Kansas Secretary of State Kris Kobach, who is running in his state’s primary race for governor, said he’s feeling “optimistic” about his chances, particularly after President Donald Trump endorsed him.
“With the president’s endorsement, that helps a great deal,” the Republican candidate told Fox News’ “America’s Newsroom.” “One of our latest polls showed 20 percent were undecided. Hopefully President Trump can help them make their minds up.”
Trump, in a tweet, said Kobach is a “fantastic guy who loves the state and our country,” called him “strong on crime, border, military,” and said he has his “full endorsement.”
However, the president’s involvement has been questioned by some Republicans who did not want Trump to endorse Kobach, widely considered a vulnerable candidate against a wide field, including incumbent Republican Gov. Jeff Colyer because of his hawkish views on immigration.
“This is definitely an establishment insider incumbent versus an insurgent conservative,” said Kobach Tuesday. “The same voices were saying President Trump shouldn’t get the nomination because there is no way to beat Hillary Clinton. He is too outspoken in his views. The same argument being made against me. I don’t think it will wash. People are excited in Kansas to do something about cutting taxes and stopping illegal immigration, my top two priorities.”
There also has been some fallout after Kobach headed Trump’s voter fraud commission, which was disbanded earlier this year, and show co-host Bill Hemmer asked if there was any fallout from that.
“Not at all,” said Kobach. “We’ve proven many cases of people who were not U.S. citizens who registered and voted in Kansas’ elections. That’s true across the country. The fallout is the people on the left who say sure, you proved a few hundred cases or in some instances a few thousand cases of people voting fraudulently but that’s not enough. It is never enough for the left. You can show them a million cases and say it is not enough cases of voter fraud to worry about it.”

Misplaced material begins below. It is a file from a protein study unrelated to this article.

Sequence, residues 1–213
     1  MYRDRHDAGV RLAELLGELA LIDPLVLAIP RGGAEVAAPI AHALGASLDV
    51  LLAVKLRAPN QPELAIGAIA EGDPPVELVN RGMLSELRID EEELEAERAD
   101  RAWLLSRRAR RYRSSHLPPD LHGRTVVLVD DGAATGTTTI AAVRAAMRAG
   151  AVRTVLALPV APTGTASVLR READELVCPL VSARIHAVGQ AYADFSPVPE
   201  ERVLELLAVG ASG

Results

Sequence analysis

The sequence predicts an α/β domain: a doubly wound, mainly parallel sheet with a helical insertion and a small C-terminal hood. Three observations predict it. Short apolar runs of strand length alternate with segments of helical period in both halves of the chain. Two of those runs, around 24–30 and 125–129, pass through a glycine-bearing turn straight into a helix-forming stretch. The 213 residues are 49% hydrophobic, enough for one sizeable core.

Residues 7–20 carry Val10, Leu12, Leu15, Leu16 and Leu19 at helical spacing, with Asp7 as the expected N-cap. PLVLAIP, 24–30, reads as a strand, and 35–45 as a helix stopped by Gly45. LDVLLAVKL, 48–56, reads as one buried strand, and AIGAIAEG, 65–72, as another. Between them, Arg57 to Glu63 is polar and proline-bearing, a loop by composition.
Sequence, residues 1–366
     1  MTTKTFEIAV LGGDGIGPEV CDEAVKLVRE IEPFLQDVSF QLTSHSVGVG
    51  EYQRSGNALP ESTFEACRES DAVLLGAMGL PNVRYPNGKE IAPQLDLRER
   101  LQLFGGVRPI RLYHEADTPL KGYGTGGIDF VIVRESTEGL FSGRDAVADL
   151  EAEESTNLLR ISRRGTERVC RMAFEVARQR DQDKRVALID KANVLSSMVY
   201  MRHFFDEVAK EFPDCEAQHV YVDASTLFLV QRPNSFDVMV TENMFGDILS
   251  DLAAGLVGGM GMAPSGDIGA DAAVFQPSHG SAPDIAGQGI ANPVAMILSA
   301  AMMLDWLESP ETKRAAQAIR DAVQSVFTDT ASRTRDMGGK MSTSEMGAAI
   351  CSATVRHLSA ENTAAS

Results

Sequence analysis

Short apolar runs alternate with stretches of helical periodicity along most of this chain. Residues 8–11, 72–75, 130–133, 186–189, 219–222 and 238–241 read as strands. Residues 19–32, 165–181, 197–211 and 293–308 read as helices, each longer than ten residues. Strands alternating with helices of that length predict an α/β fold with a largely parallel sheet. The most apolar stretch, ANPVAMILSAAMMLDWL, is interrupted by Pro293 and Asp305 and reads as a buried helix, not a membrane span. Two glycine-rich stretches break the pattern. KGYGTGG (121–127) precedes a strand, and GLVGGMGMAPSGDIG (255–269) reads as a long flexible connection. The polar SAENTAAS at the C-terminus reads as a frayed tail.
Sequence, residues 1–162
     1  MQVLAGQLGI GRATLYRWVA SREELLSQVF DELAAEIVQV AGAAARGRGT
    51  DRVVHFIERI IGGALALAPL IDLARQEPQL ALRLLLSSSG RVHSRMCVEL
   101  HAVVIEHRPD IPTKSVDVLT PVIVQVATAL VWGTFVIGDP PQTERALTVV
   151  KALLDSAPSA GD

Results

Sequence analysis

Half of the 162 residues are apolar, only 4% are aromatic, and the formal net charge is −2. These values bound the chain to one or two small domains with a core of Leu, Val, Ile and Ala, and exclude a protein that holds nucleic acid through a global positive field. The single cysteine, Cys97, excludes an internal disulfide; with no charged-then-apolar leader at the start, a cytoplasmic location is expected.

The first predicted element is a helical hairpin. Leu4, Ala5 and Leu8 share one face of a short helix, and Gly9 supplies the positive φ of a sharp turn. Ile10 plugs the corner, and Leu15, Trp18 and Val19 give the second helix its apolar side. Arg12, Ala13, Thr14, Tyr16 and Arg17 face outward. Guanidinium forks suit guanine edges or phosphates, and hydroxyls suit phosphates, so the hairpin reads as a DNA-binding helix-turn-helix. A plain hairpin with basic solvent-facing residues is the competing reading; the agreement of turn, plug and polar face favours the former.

Kobach also said he thinks he could win his race without Trump’s support, but still, that endorsement gave him a “huge boost.”
There are two districts in Kansas, bordering Kansas City, which are considered toss-ups, and Kobach said that’s because District 3 voted narrowly for Hillary Clinton in the 2016 presidential election.
“In District 2 it is an open seat,” he said. “The Democrats are unified behind one person. There is no real contest, so o that guy is racking up tons of money. The Republicans have a very splintered contest with seven people and enter the general election race with zero dollars in the bank. People consider that an open seat because of the dynamic having a Republican with nothing in the bank.”
Kobach said he also doesn’t think something is changing in American politics.
“We have this this pattern two years into a president’s term of the mid-term election tending to go against the president’s party,” said Kobach. “It is nothing new. But I think in Kansas, due to President Trump’s popularity, I think it will be more of a referendum on President Trump in the general election this November. So I don’t think that the so-called blue wave will do much damage in Kansas. I’m very optimistic we can hold both those seats.”
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